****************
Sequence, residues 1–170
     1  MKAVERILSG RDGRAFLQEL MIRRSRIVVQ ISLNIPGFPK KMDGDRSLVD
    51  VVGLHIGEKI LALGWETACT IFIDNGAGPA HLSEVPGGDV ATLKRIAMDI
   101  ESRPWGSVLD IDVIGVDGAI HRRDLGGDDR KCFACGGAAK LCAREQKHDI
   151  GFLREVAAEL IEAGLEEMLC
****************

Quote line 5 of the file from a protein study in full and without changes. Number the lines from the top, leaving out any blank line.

   151  GFLREVAAEL IEAGLEEMLC